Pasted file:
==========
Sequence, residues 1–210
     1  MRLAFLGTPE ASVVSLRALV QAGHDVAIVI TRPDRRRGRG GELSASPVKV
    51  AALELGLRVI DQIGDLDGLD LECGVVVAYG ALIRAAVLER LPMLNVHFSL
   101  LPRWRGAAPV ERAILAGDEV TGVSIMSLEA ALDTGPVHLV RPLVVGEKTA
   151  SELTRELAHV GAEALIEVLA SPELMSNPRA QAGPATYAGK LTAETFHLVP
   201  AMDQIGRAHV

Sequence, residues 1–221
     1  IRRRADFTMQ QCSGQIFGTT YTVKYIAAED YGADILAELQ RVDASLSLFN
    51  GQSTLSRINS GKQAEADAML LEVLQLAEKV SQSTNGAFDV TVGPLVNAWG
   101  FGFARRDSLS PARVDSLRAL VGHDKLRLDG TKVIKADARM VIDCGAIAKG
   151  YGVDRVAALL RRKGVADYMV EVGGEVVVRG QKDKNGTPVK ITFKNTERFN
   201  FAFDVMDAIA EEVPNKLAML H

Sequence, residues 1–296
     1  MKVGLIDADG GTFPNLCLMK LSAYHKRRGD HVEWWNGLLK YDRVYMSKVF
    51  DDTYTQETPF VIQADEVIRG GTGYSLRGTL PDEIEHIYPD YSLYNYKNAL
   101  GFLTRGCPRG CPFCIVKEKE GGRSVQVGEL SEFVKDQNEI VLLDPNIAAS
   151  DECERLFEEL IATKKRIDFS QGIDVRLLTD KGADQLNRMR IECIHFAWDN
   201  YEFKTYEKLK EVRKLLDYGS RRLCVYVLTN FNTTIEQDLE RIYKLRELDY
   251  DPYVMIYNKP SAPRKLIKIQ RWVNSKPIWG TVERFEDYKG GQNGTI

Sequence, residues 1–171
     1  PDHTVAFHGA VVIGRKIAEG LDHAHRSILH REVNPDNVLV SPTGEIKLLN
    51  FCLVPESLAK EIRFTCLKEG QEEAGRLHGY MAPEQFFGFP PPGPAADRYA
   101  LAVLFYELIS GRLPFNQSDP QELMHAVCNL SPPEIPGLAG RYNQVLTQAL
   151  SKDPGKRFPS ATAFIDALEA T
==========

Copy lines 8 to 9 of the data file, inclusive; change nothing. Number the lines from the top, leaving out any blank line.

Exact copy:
     1  IRRRADFTMQ QCSGQIFGTT YTVKYIAAED YGADILAELQ RVDASLSLFN
    51  GQSTLSRINS GKQAEADAML LEVLQLAEKV SQSTNGAFDV TVGPLVNAWG